Any Deport in a Storm
Dear Mexican: I am an illegal alien who just turned eighteen. Is there anything I can do to become a legal alien besides deportation or marrying a U.S. citizen?
Wetback Who Wants to Dry His Back
Dear Wab: Go back to Mexico — seriously. Section 212(a)(9)(B)(iii)(I) of the United States Immigration and Nationality Act states that "no period of time in which an alien is under 18 years of age shall be taken into account in determining the period of unlawful presence in the United States," meaning you can return to your mother patria, get a visa and come back to los Estados Unidos in, oh, about ten years. Having said that, now can you appreciate the caca that illegals face, gabachos? Even if a Mexican wants to enter this country the right way, our immigration system is so Kafkaesque — where else but the American government can you find such a crucial bit of information for millions filed away as a clause to the subparagraph of a paragraph in the subsection of a section's article? — that most Mexicans would rather trudge through blistering deserts or suffer in a cramped Ford Ranger than deal with it. And it's not an innate Mexican trait to break immigration law: As I've said before, put any poor country next to a rich one; add historical symbiosis, Manifest Destiny and saber-rattling; mix in a dash of globalized economics, and voilà! Your own illegal invasion! I don't want to say there's no hope for you, Wetback, but any chance of amnesty in the next couple of years is less likely than a Guatemalan in the White House. In the meantime, keep adding to the fat of the land while taking some scraps for yourself. Anything less would be un-American.
Dear Mexican: Since moving to Aztlán from Boston, I've spent so much time with my next-door neighbor from Mexico City that I've taken to using the word manito as a term of endearment with my buddies, regardless of who and where they are. It's been my observation that most Anglos think mano a mano means "man to man." Being a bit better informed, I believe its literal translation is "hand by hand" and colloquial meaning is "hand to hand." Is manito the diminutive form of hand? If so, why do Mexicans use this term?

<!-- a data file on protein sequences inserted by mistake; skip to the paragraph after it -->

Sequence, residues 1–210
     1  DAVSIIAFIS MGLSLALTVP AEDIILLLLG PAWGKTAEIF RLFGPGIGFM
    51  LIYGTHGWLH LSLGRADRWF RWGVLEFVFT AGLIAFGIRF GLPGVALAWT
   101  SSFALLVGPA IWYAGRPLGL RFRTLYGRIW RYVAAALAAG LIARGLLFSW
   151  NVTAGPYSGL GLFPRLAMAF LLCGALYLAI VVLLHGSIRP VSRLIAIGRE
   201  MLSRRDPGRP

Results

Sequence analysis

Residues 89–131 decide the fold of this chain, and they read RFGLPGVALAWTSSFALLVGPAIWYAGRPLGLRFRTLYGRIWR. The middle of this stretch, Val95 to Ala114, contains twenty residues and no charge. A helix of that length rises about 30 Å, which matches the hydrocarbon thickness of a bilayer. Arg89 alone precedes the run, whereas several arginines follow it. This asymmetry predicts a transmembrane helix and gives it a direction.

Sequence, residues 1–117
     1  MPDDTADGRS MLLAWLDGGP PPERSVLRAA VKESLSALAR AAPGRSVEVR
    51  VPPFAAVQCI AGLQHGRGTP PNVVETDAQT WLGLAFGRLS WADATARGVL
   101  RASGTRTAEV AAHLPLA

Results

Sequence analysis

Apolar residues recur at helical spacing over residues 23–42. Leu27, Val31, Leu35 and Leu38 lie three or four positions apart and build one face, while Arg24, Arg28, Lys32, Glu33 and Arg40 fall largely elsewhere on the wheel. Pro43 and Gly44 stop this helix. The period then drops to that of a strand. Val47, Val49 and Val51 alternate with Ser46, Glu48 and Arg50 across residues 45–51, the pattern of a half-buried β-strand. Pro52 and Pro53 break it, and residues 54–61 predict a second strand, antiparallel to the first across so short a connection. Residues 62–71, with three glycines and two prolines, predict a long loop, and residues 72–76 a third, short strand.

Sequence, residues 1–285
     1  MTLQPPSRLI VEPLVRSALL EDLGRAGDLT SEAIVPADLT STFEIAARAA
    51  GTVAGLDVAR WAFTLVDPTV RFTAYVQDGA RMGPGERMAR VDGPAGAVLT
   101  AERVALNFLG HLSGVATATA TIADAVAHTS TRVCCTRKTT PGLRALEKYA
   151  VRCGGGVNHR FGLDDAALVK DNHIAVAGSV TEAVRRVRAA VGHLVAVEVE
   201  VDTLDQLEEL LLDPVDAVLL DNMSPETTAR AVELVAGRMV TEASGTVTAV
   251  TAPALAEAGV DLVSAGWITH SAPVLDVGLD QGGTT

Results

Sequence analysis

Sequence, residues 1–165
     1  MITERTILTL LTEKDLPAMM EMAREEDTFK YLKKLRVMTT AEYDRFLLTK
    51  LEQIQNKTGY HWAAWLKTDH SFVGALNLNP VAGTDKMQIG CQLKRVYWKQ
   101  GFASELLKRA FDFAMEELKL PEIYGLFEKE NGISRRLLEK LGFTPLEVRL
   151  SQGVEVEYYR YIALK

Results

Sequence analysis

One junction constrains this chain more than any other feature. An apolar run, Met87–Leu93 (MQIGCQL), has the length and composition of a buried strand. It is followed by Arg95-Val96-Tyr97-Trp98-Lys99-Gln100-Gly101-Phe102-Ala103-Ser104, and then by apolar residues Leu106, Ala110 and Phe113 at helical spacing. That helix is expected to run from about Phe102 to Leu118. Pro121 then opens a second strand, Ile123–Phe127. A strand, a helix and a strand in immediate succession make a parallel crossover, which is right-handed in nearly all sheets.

Not Handy With Español
Dear Beantown Gabacho: I appreciate your re-Reconquista, but tus questions are more over-the-map than your newfound metropolis. Manito is the elided form of hermanito, which means "little brother," and it's just one of many words Mexican men use to strengthen camaraderie with their amigos. Others include güey, broder, cabrón and pinche puto pendejo baboso. Mano a mano means "hand to hand" in its literal and colloquial forms and refers to a faceoff of any kind, not just the macho type. The term comes from bullfighting, where a mano a mano is a specific matador competition. And I hate to ruin your etymological deducing, but the Latin origins for hermano and mano aren't the same, even though they sound similar: Hermano comes from germanus, which sprung from germen (seed), while the Latin word for hand is manus, probably deriving from the Sanskrit manus — and I say probably because this is ¡Ask a Mexican!, not Scisco Latin Agricola Etymologiae.
Get the Weekly Newsletter
Our weekly feature stories, movie reviews, calendar picks and more - minus the newsprint and sent directly to your inbox.